Nelson Mandela was laid to rest in his home village of Qunu after a career of fighting racial oppression that saw him evolve from an organizer of non-violent resistance to the commander of a guerrilla army before leading negotiations to end South Africa’s apartheid system.
When Mzukona Mantshontsho approached a real estate agent about buying a two-bedroom, 300,000 rand ($37,500) house in a new development south of Johannesburg this year, she told him he’d need a 10 percent deposit for his application to be considered, and his salary was too low.
Prudence Moime looks up from stirring a pot of corn meal in front of her two-room shanty in northeastern South Africa and gazes across the surrounding rocky hillside. Just beyond her view lie some of the world’s best platinum deposits.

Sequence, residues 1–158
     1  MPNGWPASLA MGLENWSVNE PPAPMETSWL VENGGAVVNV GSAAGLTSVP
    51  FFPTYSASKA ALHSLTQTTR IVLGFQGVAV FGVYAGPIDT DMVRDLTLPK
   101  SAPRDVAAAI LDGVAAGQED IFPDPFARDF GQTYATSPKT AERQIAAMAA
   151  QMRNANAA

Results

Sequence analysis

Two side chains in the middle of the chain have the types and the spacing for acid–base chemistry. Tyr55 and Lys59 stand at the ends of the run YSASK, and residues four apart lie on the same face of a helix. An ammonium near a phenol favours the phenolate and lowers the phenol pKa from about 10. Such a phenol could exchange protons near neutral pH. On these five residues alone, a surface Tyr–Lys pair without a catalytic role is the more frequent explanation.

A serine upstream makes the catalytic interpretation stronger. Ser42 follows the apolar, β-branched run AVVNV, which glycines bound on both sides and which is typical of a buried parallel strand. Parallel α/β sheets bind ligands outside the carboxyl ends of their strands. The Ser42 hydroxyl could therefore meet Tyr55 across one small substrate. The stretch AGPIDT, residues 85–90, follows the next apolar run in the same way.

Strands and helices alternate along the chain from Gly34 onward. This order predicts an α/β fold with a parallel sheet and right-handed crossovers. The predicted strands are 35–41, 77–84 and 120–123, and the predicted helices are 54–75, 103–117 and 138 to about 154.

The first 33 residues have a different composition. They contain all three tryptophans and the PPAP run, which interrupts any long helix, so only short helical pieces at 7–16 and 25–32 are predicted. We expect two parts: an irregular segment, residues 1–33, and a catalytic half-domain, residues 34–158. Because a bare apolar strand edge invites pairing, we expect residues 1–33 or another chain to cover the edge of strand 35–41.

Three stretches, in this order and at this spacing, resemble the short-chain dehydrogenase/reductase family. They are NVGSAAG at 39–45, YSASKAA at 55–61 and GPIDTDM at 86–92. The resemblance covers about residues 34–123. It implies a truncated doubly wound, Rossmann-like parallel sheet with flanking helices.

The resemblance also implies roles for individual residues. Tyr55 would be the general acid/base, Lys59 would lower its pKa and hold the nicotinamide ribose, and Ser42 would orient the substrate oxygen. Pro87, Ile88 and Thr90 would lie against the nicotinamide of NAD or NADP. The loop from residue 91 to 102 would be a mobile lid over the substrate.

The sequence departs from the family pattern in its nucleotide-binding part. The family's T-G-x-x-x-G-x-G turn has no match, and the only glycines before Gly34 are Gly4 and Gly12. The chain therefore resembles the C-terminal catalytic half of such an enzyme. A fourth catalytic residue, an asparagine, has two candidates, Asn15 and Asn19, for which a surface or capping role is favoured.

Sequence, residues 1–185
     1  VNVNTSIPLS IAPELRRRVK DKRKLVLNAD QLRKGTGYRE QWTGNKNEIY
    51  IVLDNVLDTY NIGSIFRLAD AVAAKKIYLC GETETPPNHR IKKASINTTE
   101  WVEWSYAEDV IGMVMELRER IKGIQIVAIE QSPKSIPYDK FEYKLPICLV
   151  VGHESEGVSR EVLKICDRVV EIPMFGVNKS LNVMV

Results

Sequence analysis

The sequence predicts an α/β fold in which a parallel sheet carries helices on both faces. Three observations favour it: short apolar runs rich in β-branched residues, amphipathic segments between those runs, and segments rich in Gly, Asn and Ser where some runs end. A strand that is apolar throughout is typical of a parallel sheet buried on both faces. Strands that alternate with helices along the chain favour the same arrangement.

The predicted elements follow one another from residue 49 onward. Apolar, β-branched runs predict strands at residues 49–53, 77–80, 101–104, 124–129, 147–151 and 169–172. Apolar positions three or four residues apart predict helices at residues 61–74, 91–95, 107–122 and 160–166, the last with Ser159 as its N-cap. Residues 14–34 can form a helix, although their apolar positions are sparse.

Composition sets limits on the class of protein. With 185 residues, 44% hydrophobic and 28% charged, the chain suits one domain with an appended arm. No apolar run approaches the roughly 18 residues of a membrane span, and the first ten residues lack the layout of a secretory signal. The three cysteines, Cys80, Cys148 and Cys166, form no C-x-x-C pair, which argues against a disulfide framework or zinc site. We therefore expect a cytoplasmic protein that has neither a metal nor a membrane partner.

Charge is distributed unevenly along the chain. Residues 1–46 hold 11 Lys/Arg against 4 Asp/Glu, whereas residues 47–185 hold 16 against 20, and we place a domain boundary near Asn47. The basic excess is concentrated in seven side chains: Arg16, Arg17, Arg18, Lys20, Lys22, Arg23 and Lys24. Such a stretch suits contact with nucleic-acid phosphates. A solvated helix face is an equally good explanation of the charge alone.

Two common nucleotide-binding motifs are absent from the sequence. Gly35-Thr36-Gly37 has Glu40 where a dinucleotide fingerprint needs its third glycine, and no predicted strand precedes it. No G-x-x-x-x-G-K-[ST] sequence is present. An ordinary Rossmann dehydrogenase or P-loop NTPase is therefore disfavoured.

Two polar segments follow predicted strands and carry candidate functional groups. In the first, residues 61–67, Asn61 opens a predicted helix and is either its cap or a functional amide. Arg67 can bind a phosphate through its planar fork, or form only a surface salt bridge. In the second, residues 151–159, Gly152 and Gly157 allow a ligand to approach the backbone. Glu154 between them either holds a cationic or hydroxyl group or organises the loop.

Mvelaphanda Holdings Ltd., the South African company founded by former freedom fighter Tokyo Sexwale , is advising Khulubuse Zuma on the development of two oil blocks in eastern Congo, Chief Executive Officer Mark Willcox said.
Cecily Ghall speaks with pride about the neat, whitewashed two-room shack she built in an acquaintance’s backyard using scrap wooden planks and asbestos plates. It’s warm and -- important in the midst of a wet South African winter -- dry, she says. But it isn’t hers.